Es el apoyo que se recibe de afuera el que hace la diferencia. “Eso te fortalece, pero al fin de cuentas tú tienes que saber quién eres, por qué estás ahí y tienes que tener un sentido fuerte de ti mismo como un luchador y no dejar que las condiciones te separen de eso.

“Con Oscar yo confío, conociéndolo, que es una persona de verticalidad, su carácter, sus principios, es una de las personas más generosas que puedas conocer en tu vida. Es de ese tipo de hombre que piensa en los demás, en el colectivo, antes de en sí mismo. Es un individuo que todos nosotros admiramos como un líder natural, hecho y derecho, su comportamiento lo comprueba y lo afirma todos los días. Luchador, hombre de conciencia, brillante, una inteligencia increíble”.

La última vez que Carlos Alberto vio a Oscar fue el 4 de abril de 1980, el día que le arrestaron junto al grupo en aquellos momentos miembros de las Fuerzas Armadas de Liberación Nacional (FALN). A Oscar lo arrestaron al año siguiente, 29 de mayo de 1981, desde ese momento se encuentra en prisión. “Cuando lo conocí ya tenía bigote”, recordó el hoy camuyano.

Lo conoció a comienzos de los años ‘70 del siglo pasado, cuando estaba en la Universidad de Illinois. “Él se fijó en mí porque yo era un chamaquito joven. Fue a hablar con mis viejos sobre cosas de la comunidad. Ya yo tenía un interés, una conciencia social, yo me crié pensando que era natural integrarme al trabajo comunitario. En ese contexto comencé a trabajar con Oscar. Su influencia en mí es total. Yo lo reconocí de inmediato como una persona de convicción, compromiso, con energía. Me recordaba y hacía pensar mucho en mi concepto sobre don Pedro (Albizu Campos) que ponía la lucha y el pueblo primero. Así mismo fue Oscar, que pone la lucha y el pueblo antes que su comodidad”.

Como un juego burlón, las condiciones de la excarcelación de los prisioneros políticos puertorriqueños no permiten que Carlos Alberto pueda mantener comunicación con sus once compañeros liberados en el 1999, ni con Oscar, durante los cinco años de su excarcelación condicionada. Los compañeros hoy libres de toda atadura con la ley del imperio pueden comunicarse entre sí y con Oscar.

A la luz de tu experiencia, ¿dudaste alguna vez de que los resultados en el caso de Oscar López fueran los ya conocidos?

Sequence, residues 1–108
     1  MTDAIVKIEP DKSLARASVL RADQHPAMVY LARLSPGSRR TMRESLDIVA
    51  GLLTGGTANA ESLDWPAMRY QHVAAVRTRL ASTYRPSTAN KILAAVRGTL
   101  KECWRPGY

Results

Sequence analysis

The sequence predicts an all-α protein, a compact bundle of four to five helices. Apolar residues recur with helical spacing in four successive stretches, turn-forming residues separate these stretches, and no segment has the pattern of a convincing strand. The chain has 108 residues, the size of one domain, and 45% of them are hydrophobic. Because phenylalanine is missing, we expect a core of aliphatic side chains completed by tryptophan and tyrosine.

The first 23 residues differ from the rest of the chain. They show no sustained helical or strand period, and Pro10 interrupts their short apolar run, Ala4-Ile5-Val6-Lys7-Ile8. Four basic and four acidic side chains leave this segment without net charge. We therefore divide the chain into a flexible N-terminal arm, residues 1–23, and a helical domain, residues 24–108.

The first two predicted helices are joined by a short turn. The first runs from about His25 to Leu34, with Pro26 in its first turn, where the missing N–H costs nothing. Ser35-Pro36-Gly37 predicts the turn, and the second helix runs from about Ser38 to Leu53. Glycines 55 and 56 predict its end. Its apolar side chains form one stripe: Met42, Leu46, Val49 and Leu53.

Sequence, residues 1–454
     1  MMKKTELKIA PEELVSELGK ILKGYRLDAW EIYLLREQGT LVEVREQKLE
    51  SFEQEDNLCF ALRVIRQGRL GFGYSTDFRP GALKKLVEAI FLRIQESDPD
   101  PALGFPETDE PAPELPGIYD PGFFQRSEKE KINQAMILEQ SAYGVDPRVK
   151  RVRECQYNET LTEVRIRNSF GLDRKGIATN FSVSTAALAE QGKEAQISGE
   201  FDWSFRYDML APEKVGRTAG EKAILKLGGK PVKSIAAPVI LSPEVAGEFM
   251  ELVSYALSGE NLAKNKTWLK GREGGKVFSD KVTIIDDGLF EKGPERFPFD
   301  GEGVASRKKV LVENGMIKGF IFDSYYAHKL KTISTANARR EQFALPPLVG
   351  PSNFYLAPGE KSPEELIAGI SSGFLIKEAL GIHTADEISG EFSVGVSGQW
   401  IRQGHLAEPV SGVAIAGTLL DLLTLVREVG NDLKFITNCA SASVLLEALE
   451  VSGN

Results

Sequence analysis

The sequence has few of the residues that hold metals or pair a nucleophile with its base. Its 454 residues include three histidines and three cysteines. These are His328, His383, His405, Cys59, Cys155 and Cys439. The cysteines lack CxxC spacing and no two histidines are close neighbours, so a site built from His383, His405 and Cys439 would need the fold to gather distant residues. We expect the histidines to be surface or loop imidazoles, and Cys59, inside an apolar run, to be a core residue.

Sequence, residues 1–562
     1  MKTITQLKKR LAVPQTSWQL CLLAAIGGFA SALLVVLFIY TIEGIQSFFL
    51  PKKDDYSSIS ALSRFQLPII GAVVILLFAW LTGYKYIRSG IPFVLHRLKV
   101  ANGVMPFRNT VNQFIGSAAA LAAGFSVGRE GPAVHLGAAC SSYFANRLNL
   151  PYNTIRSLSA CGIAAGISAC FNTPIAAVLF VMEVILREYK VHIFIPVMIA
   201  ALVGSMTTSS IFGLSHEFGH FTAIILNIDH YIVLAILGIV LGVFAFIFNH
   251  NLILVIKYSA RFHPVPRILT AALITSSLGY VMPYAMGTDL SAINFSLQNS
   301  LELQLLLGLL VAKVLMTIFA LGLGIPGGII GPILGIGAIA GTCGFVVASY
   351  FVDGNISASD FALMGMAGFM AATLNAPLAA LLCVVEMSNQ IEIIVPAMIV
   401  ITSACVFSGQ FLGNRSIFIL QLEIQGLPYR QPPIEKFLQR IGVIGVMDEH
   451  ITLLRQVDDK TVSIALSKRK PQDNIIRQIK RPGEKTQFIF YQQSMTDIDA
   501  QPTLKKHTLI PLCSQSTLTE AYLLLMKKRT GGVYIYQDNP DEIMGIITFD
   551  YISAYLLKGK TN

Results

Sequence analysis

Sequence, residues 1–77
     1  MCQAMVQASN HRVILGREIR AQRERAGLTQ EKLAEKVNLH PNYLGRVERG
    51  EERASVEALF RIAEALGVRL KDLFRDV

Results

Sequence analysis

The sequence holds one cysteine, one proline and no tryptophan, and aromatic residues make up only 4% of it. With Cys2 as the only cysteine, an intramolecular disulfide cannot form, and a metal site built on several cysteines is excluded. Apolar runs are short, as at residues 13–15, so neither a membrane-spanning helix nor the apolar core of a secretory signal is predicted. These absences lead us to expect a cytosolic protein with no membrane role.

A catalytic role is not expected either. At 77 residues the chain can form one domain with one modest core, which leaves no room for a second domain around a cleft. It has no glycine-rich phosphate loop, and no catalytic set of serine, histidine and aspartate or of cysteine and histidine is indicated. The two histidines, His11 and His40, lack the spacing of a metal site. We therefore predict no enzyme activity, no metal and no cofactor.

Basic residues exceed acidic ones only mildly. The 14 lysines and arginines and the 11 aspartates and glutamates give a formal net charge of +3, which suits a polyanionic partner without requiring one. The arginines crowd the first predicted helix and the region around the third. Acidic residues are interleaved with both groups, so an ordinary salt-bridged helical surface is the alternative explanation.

“En el caso de Oscar todos estábamos esperanzados. Yo estaba casi, casi convencido porque la experiencia en la cárcel me ha enseñado que si son las seis de la mañana y el sol va a salir eso va a ser así, pero también cuando estás preso siempre hay que tener reservas, cualquier cosa puede suceder”.

Sobre sus razones para un optimismo reservado comentó que a él fue al único que en el 1999 no le dieron el indulto, a Oscar le ofrecieron salir tras extinguir 10 años más, lo que hubiera sido en 2009. “Sabemos que tomó una posición de principios, aunque él le dijo a todo el mundo que aceptaran. Yo analicé que la riña obvio era conmigo. Cuando fui al “parole” me trataron como cualquier otro preso común, no hubo ningún proceso ordinario, se portaron “bien”, yo esperaba algo como lo que le hicieron a Oscar. Dije ‘pues obviamente no hay una resistencia tan fuerte, el hombre va a cumplir sus 30 años’. Bajo la ley, cualquier persona condenada a más de 45 años, con buena conducta, que no sea presentado como un peligro a la sociedad, tiene derecho a la libertad condicionada. Ese fue el criterio que usaron conmigo y es ley”.

Acto seguido cuestionó lo que significa ser, o no ser, un riesgo a la sociedad. “En mi caso, de lo que yo sé como son las vistas, diría con poca excepción que me trataron como tratan a cualquiera, por lo que me sentía esperanzado. Obviamente yo asumí que miraban que ya Oscar cumplió 30 años, no hay razón por qué tratar a Oscar diferente. Yo estuve 30 años, he hablado con cientos, sino miles de hombres que han pasao por esas audiencias a través de los años, tenía una idea más o menos cómo son, nunca había escuchado una como el caso de Oscar, donde lo llevan esposado, fue una Inquisición”.

En el aspecto político, apuntó que no se pensó que la derecha en Estados Unidos se iba a mover de esa manera y trajo a la atención que una persona que se opuso a la confirmación del actual secretario de Justicia de EUA, Erick Holder, dijo durante la audiencia de Oscar que si ellos hubiesen sabido que él – Torres- había acudido a la JLBP hubiesen reaccionado igual.

“La Junta es una agencia del gobierno de Estados Unidos. Ellos no son afines con nosotros, ellos son afines con el sistema. De veras que se hizo un trabajo fuerte para demostrarle al “parole” que había apoyo en el pueblo, que había apoyo en la comunidad puertorriqueña de diferentes grupos de interés, que apoyaban la libertad de Oscar. En el momento de la verdad ellos tomaron su parte. Creo que el trabajo que se hizo esta vez estaba al palo o más. La diferencia es que ahora había resistencia de la derecha y esa agencia va a responder a la derecha de Estados Unidos antes que a la comunidad puertorriqueña, al pueblo puertorriqueño en general”, reflexionó.